"It's interesting to hear the 'experts' claim the transaction faces no regulatory hurdles," FCC Commissioner Michael J. Copps said in a statement. "Not so fast!"
Mr. Murdoch has enormous sway in Washington, one argument goes. The Wall Street Journal is a national newspaper, others have suggested, so it won't add to his concentration of media assets in New York, where he already owns the New York Post and the local Fox affiliate.
New York's local market
"This deal means more media consolidation and fewer independent voices, and it specifically impacts the local market in New York City," Mr. Copps continued. "What's good for shareholders of huge media conglomerates isn't always what's good for the public interest or our civic dialogue. We should immediately conduct a careful factual and legal analysis of the transaction to determine how it implicates specific FCC rules and our overarching statutory obligation to protect the public interest. I hope nobody views this as a slam-dunk."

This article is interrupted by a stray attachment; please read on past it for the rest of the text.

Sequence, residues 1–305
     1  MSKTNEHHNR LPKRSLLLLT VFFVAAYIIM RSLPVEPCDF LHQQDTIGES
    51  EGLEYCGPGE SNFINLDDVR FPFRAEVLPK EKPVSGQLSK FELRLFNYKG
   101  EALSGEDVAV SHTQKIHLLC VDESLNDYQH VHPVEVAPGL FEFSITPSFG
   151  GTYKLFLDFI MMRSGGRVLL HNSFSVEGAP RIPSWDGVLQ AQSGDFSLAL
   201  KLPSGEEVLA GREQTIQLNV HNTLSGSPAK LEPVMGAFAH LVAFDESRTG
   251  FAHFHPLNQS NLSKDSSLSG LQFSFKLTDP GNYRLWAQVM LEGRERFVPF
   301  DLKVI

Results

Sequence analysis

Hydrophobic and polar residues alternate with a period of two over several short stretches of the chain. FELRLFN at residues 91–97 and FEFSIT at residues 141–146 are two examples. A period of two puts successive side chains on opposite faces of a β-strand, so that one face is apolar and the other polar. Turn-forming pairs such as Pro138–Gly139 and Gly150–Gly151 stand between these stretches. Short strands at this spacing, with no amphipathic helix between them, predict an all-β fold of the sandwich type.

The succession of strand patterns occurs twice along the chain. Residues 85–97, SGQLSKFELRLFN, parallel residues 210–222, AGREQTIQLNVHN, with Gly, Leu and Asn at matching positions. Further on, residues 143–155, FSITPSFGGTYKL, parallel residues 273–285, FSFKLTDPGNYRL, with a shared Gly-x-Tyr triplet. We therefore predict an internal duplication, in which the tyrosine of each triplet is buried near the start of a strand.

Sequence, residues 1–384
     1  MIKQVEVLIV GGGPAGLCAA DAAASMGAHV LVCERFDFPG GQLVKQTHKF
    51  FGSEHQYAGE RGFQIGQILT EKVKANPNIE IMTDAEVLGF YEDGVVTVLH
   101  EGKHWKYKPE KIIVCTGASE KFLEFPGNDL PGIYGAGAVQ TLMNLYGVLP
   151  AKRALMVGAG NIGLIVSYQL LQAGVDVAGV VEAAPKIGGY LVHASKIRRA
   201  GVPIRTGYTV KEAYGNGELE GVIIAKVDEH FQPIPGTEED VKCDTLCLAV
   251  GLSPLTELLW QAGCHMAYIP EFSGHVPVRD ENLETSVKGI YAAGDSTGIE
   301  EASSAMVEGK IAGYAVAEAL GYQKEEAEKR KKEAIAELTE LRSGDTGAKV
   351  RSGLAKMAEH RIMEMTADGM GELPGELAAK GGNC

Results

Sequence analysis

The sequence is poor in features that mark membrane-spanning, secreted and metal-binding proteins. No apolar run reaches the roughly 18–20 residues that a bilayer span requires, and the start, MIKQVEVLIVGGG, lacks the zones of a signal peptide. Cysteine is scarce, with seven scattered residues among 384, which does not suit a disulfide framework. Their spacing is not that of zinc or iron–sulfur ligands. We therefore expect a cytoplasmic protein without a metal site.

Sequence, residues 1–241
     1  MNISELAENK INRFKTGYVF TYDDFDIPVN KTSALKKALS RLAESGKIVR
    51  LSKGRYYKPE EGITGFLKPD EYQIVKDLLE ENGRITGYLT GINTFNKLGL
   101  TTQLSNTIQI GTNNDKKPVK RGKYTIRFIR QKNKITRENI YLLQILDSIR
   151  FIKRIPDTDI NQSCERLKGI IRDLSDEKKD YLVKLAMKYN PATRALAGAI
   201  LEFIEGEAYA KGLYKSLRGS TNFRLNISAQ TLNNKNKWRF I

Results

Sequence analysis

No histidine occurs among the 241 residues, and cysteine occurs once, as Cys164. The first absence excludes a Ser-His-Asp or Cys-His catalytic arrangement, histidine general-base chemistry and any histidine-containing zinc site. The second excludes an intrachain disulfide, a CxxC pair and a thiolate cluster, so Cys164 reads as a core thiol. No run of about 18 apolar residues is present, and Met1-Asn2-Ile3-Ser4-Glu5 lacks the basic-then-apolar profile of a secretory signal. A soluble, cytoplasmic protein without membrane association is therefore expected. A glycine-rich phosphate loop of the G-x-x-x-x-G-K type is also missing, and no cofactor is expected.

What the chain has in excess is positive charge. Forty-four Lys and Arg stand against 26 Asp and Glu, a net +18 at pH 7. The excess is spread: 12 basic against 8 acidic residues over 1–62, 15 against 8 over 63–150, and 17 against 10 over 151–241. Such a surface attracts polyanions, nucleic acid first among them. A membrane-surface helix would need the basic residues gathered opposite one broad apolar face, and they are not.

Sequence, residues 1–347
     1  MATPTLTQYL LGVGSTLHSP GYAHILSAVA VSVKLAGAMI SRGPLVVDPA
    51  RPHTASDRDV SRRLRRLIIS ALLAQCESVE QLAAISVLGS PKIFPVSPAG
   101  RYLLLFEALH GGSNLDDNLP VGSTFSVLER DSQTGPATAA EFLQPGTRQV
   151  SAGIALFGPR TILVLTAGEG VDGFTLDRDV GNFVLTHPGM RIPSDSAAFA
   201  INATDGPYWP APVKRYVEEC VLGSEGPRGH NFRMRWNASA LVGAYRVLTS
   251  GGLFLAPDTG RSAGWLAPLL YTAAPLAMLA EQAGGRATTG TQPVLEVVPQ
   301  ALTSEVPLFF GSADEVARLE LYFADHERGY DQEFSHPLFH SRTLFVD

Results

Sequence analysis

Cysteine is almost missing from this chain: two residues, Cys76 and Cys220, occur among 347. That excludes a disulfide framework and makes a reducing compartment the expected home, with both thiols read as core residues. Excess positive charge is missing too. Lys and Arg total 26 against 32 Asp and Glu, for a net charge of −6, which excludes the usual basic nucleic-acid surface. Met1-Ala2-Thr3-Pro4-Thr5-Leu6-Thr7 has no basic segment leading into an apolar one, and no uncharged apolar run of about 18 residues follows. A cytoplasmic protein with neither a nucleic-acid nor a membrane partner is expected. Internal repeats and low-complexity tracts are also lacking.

Dow Jones and Mr. Murdoch's News Corp. didn't address the possibility of any government oversight on the deal in their joint announcement today, beyond some standard boilerplate.
"The merger, which is expected to close in the fourth calendar quarter, is subject to approval by Dow Jones stockholders, execution and delivery by the parties of the editorial agreement, regulatory approvals and other customary closing conditions," the companies said.
Their representatives had no immediate comment on the statement by Mr. Copps.